When we pray we should pray to God like we are talking to our father. He is after all our Father. No need to resort to old English or talk to him in Ancient Greek. You don’t have to read the Bible in Hebrew or Latin. You don’t have to bow your head a certain way or at a certain time. You just have to want to have a conversation with God.
This is where Before Amen comes in. Inside this book you are introduced to what Max Lucado calls a Pocket Prayer. A short little format for prayer that you can follow. It’s short. It’s simple. And it has success. After reading the book I knew that this was a great little template for prayer and that wanted to make sure my children knew this format as well. So I have written it on a piece of printer paper and taped it to the wall in our school room. I plan to do a better job and make it a bit nicer, but the words will still be the same.
You are good
I need help, heal me and forgive me.
They need help.
In Jesus’ Name, Amen
That has to be one of the shortest prayers ever. But it’s to the point. Father you are good, not just good but great, the epitome of what is good. See you can expand, but you don’t need to expand. It already says it all in those few words of Father you are good.
I need help, heal me and forgive me. This is where you can list where you need help, what you need healed from, and what you need forgiven for. He already knows, but sometimes the telling is for us. Sometimes we just need to say the words and feel the weight lifted off our shoulders.
They need help. Have a friend going through a rough time? Lift them up. Have a random person in front of you at the grocery store who seems to be carrying the weight of the world on their shoulders? Then simply pray Father, you are good, this person needs your help, please help them. Thank you, in Jesus’ name, amen. So simple yet so powerful.
We have the power to pray. We have the privilege to be able to pray. We also have the wonderful liberty to pray anywhere at anytime without our life being in jeopardy. That is just so amazing. What are you doing with this power you have? What are you doing with this gift you have been given?
To me prayer is truly a gift. A gift that we were given by God. Our gift lets us talk to Him just like anyone else. That is how I find that I best pray. I pray to my Father in my head as I bake, as I wash my babies, as I wrap that gift for my little girl growing up way too fast. I have always struggled with praying aloud though. Will others judge what I say? Am I doing it right? Will they laugh at me?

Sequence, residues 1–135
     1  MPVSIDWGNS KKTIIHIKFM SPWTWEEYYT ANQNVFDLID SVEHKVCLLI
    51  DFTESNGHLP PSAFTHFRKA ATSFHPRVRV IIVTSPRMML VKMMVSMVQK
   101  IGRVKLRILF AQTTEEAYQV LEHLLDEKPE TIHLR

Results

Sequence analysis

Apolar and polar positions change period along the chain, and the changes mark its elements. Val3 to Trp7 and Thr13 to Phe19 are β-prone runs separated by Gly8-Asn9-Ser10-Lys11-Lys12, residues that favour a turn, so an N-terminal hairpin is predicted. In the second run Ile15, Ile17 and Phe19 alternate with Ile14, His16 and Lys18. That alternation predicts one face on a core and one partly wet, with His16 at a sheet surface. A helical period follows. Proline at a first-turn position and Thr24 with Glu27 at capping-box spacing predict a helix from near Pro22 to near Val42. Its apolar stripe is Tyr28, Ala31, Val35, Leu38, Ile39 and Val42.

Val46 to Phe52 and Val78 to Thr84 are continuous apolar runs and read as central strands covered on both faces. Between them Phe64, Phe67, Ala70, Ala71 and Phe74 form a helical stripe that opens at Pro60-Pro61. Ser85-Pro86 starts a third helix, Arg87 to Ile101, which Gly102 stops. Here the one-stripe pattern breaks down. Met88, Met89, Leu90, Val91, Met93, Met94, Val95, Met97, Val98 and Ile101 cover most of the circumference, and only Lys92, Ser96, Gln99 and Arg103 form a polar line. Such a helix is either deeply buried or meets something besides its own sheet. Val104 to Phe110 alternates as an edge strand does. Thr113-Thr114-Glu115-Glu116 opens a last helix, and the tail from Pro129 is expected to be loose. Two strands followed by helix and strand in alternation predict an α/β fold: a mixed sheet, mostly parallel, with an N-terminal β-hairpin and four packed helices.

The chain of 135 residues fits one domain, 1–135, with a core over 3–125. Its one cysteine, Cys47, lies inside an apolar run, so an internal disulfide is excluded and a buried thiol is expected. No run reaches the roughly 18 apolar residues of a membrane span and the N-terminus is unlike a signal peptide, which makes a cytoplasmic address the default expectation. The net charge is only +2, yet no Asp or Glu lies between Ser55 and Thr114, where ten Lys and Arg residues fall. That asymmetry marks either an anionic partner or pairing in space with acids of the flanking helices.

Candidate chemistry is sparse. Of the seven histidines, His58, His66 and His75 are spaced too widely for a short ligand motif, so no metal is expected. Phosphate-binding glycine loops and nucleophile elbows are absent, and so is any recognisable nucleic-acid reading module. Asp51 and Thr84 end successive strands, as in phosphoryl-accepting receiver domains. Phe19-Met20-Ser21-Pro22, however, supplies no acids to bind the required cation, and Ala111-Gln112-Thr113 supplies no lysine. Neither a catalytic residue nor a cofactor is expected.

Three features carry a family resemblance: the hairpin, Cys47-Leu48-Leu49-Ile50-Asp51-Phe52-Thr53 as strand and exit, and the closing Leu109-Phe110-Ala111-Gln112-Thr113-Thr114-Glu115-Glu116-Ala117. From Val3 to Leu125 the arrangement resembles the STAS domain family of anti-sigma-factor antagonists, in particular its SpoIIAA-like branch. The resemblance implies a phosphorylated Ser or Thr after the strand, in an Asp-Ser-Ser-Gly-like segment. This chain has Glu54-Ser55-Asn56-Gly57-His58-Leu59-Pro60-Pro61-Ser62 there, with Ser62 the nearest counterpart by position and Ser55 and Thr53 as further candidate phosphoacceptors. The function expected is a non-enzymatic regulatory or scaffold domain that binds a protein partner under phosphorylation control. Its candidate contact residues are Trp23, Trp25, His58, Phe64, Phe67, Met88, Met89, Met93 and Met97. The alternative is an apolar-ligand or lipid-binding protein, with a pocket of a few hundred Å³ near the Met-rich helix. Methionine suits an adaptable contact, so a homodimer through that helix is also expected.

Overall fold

So once again I ask, do you struggle with prayer? Do you need that confidence to pray? Well this prayer that Max Lucado calls a Pocket Prayer is for you. It’s for everyone. Remember to take it out of your pocket often. Remember that it is there and that there is POWER in it. Yes I meant to capitalize that word. I want you to take away something from my review. I want you to see that prayer is power. Not a superpower, but a power that you hold. You hold the power to help someone. In the book a story is told of a man who died of cardiac arrest. He was dead. There was no question as to whether he was dead or not, his heart was no longer beating. But the man with him held his head and prayed for him. They did CPR and prayed for him. Everyone around PRAYED for him. And guess what? His heart began to beat again. He later said that lightning bolts came through heaven and those were the prayers, and when they lit up the sky he was sent back down to earth. That is the POWER of prayer.
Who will you pray for today? Who needs to be lifted up? Don’t worry about the words all you have to say is instead of they need help, Father she needs help or he needs help. Just place their name in there. If you’re not comfortable adding more to your prayer, don’t. It’s such a wonderful place to start.